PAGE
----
{{someTag argument1 param1=...}} content {{/someTag}}
    ‐ an example of a named parameter is the tmpl=... parameter mentioned above
    ‐ arguments and named parameters can be assigned values from simple data-paths such as address.street or from richer expressions such as product.quantity * 3.1 / 4.5, or name.toUpperCase()

Built-in tags

{{include ...}} (Template composition - partials)

{{include pathOrExpr}}...{{/include}}evaluates the block content against a specified/modified data context.

{{include ... tmpl=.../}} evaluates the specified template against an (optionally modified) context, and inserts the result. (Template composition).

var data = {name: "Jim", address: {street: "Main Street"} };

// Register two named templates
$.templates({
    streetTmpl: "<i>{{:street}}</i>",
    addressTmpl: "{{:name}}'s address is {{include address tmpl='streetTmpl'/}}."
});

// Render outer template
var html =  $.templates.addressTmpl(data);

// result: "Jim's address is <i>Main Street</i>"

Learn more...

{{for ...}} (Template composition, with iteration over arrays)

{{for pathOrExpr}}...{{/for}}evaluates the block content against a specified data context. If the new data context is an array, it iterates over the array, renders the block content with each data item as context, and concatenates the result.

{{for pathOrExpr tmpl=.../}} evaluates the specified template against a data context. If the new data context is an array, it iterates over the array, renders the template with each data item as context, and concatenates the result.

<script id="peopleTmpl" type="text/x-jsrender">
  <ul>{{for people}}
    <li>Name: {{:name}}</li>
  {{/for}}</ul>
</script>
var data = {people: [{name: "Jim"}, {name: "Pedro"}] };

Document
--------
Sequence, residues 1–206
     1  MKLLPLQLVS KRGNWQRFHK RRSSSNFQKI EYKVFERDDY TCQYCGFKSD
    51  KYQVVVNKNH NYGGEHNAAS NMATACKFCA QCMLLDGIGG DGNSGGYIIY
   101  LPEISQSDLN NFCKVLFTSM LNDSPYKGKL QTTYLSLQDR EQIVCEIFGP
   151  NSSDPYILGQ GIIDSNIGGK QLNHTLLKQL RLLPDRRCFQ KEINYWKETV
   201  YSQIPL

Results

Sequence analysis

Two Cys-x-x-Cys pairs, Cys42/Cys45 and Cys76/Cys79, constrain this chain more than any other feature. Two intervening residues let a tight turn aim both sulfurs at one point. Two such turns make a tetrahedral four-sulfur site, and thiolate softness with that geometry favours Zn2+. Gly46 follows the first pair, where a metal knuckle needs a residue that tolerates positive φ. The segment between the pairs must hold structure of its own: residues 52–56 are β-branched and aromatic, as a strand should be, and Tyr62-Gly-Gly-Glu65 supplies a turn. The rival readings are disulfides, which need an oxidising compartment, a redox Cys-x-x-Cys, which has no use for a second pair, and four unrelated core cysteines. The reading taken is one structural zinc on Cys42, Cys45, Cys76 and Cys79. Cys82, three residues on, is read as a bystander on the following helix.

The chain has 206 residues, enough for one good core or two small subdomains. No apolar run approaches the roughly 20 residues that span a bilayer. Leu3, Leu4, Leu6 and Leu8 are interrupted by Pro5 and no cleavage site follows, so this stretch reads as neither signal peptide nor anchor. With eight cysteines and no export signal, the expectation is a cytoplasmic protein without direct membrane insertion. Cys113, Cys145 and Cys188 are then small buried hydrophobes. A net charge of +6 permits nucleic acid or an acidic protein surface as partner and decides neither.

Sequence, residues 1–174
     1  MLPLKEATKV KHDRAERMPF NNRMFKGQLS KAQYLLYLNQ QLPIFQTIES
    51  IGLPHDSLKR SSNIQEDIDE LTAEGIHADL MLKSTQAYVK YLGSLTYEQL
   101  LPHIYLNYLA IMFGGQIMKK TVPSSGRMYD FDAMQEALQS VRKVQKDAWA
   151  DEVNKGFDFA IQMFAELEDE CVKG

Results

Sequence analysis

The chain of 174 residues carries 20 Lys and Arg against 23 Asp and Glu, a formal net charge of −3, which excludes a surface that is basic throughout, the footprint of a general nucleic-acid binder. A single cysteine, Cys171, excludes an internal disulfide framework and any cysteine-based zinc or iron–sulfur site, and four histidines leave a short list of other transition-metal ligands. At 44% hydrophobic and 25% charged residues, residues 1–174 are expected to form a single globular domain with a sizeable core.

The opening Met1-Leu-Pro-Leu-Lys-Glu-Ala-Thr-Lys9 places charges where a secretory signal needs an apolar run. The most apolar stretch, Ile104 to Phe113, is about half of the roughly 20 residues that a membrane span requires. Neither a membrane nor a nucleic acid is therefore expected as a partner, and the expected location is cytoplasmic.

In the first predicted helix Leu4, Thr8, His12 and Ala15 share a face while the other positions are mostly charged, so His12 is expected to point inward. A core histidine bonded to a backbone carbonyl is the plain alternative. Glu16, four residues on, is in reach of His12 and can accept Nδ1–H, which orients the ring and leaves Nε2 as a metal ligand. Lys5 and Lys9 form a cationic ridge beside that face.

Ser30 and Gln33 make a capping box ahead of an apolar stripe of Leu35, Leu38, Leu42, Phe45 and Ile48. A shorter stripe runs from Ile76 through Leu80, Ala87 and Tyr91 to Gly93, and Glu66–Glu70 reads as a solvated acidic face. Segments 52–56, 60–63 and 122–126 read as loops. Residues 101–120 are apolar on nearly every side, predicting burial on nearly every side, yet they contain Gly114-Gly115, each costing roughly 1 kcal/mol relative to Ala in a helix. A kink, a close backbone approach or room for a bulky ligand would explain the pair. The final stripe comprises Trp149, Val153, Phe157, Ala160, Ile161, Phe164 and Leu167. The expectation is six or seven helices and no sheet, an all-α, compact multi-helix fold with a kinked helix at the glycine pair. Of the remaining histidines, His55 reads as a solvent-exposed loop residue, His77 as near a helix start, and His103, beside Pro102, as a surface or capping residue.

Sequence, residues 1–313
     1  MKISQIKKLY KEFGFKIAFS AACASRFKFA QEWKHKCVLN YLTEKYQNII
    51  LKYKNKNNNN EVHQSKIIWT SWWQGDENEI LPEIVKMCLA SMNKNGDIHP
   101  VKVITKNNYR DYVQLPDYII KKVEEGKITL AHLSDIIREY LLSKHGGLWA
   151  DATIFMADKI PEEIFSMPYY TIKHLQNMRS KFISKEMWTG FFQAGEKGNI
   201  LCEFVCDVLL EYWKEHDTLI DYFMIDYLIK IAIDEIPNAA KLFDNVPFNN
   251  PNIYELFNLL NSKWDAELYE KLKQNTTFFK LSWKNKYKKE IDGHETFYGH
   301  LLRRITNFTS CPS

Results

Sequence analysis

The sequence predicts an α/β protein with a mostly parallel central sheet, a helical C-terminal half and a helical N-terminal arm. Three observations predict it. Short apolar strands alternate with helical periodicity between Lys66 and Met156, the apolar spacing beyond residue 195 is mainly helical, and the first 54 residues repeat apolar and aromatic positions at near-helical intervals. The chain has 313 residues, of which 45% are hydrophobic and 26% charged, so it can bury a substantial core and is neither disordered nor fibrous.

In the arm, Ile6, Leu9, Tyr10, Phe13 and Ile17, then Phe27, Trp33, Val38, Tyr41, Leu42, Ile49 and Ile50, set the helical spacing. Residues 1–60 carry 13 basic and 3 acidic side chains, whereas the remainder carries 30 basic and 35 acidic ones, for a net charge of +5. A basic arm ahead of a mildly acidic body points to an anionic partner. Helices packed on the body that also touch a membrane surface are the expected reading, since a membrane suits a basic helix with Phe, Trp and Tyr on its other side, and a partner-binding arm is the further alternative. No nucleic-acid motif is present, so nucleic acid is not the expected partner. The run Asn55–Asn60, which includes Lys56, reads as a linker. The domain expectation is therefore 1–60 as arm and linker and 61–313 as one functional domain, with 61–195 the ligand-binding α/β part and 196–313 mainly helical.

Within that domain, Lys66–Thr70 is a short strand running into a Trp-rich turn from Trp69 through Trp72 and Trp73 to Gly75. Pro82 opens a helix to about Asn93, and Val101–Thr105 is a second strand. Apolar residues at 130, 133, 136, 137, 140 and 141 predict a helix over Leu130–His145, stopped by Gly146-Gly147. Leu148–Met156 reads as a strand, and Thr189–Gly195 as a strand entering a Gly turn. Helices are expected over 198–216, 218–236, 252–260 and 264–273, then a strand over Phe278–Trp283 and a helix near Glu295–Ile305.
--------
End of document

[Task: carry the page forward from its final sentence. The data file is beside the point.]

var tmpl = $.templates("#peopleTmpl");
var html =  tmpl(data);

// result: "<ul> <li>Name: Jim</li> <li>Name: Pedro</li> </ul>"

Learn more...

{{props ...}} (Iteration over properties of an object)

{{props pathOrExpr}}...{{/prop}} or {{props pathOrExpr tmpl=.../}} iterates over the properties of the object returned by the path or expression, and renders the content/template once for each property - using as data context: {key: propertyName, prop: propertyValue}.

<script id="personTmpl" type="text/x-jsrender">
  <ul>{{props person}}
    <li>{{:key}}: {{:prop}}</li>
  {{/props}}</ul>
</script>
var data = {person: {first: "Jim", last: "Varsov"} };
var tmpl = $.templates("#personTmpl");
var html =  tmpl(data);

// result: "<ul> <li>first: Jim</li> <li>last: Varsov</li> </ul>"

Learn more...

{{if ...}} (Conditional inclusion)

{{if pathOrExpr}}...{{/if}} or {{if pathOrExpr tmpl=.../}} renders the content/template only if the evaluated path or expression is 'truthy'.

{{if pathOrExpr}}...{{else pathOrExpr2}}...{{else}}...{{/if}} behaves as 'if' - 'else if' - 'else' and renders each block based on the condidtions.

<script id="personTmpl" type="text/x-jsrender">
  {{if nickname}}
    Nickname: {{:nickname}}
  {{else name}}
    Name: {{:name}}
  {{else}}
    No name provided
  {{/if}}
</script>
var data = {nickname: "Jim", name: "James"};
var tmpl = $.templates("#personTmpl");